Bowing to criticism from consumer-electronics manufacturers and Internet-freedom groups, the sponsors of new cable-theft legislation in Tennessee have withdrawn their bill from consideration this year.
"We just ran out of time," said Stacey Briggs, executive director of the Tennessee Cable Telecommunications Association.
The Senate and House sponsors of the bill remain committed to getting the measure passed, said Briggs, but other legislators had doubts due to "misinformation" on the bill's impact.
Rather than try to push the bill through, the sponsors, including Rep. Robert Briley (D-Nashville), decided May 23 to set aside the proposal for study until next session.
"We'll instruct them all along the way and address any legitimate concerns," Briggs said. Cable lobbyists believe major concerns have been addressed in an amended version, she said.
The anti-theft bill is one of nearly a dozen submitted in states across the country, backed by the industry's Broadband Internet Security Task Force and the Motion Picture Association of America.
They're designed to extend anti-theft protections to products such as Internet delivery, and to strengthen penalty provisions, so large-scale theft-device manufacturers will be assessed fines commensurate with the volume of their operations.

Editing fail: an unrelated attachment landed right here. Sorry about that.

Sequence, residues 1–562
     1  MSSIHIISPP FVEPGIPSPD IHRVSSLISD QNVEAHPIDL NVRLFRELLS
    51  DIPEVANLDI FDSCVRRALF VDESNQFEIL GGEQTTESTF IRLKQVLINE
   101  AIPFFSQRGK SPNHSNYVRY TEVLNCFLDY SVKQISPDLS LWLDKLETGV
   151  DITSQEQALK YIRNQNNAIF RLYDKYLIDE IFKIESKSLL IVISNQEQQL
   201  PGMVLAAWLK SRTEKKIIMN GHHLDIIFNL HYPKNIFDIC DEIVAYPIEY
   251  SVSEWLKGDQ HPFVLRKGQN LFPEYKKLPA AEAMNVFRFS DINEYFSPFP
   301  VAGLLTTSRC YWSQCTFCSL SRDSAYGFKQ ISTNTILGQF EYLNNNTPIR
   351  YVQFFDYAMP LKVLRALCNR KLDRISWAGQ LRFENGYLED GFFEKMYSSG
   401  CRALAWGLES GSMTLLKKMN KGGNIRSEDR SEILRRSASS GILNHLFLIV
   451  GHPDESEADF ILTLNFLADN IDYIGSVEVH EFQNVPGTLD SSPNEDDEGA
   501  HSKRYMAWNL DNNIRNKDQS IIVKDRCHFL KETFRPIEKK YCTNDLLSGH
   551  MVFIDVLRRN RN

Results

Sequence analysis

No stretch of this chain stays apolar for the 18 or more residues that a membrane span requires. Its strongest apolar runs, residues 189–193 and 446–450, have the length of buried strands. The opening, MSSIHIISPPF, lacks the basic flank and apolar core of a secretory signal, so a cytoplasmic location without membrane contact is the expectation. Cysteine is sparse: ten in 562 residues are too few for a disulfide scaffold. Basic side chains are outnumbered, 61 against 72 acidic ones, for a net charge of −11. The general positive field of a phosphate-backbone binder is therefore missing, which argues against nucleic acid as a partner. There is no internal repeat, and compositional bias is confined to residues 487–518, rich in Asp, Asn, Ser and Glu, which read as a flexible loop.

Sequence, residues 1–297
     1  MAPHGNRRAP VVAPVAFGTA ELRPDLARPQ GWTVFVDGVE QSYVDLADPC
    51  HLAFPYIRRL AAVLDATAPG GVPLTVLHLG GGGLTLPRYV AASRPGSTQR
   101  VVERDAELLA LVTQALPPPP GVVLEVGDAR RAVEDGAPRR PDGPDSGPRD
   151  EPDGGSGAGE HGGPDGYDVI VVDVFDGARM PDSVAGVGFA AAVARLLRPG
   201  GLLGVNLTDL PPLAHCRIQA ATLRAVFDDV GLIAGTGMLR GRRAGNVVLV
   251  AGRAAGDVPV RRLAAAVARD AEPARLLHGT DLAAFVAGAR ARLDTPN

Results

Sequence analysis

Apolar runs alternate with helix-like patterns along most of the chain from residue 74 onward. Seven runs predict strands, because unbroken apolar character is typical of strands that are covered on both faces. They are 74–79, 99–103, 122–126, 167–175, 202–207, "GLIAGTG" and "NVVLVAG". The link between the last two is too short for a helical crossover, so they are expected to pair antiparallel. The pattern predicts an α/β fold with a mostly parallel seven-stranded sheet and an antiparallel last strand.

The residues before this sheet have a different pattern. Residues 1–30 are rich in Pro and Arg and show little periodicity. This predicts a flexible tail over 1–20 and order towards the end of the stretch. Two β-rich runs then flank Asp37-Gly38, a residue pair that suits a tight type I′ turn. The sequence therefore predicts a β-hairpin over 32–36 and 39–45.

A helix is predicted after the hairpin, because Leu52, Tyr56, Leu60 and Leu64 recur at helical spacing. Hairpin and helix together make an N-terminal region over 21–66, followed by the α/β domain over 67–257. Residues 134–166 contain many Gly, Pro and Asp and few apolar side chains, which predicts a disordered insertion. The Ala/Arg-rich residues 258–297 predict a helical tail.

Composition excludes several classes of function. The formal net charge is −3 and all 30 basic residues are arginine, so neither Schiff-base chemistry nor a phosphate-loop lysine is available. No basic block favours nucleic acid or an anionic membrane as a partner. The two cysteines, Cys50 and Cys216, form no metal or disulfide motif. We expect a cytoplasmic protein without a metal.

The Tennessee bill would make signal thieves liable for penalties of up to $10,000 per day for using unauthorized equipment to steal signals or Internet access. Fines on equipment providers will be assessed on a per-device basis, rather than at the current capped amount.
An early version was amended to defuse criticism that some legitimate uses of equipment would be made illegal. Language now clarifies that the law is meant to ban intentional thievery, supporters say.
Critics, including the Consumer Electronics Association, have kept up the heat, calling the bills overly broad.
Tennessee's action was the second blow to the bill's backers in a week. Citing a "lack of clarity," Colorado Gov. Bill Owens vetoed a similar measure on May 21.
Owens urged the legislature to reconsider the issue next session, more carefully, and craft a bill that will not "paint a broad brush stroke when a tight line is needed," his veto letter of May 21 said.
The Colorado governor wrote that neither proponents nor critics accurately described the ramifications of the law, adding that he believed the legislation would lead to lawsuits.
The CEA lauded the actions of both states.
"We are encouraged to now see state lawmakers recognizing the bills' shortcomings and heeding the warnings issued by the technology community, retailers and consumer groups," it said in a statement.
In previous years, the anti-theft update was approved in Pennsylvania, Illinois and other states. It was passed this year in Arkansas and Florida.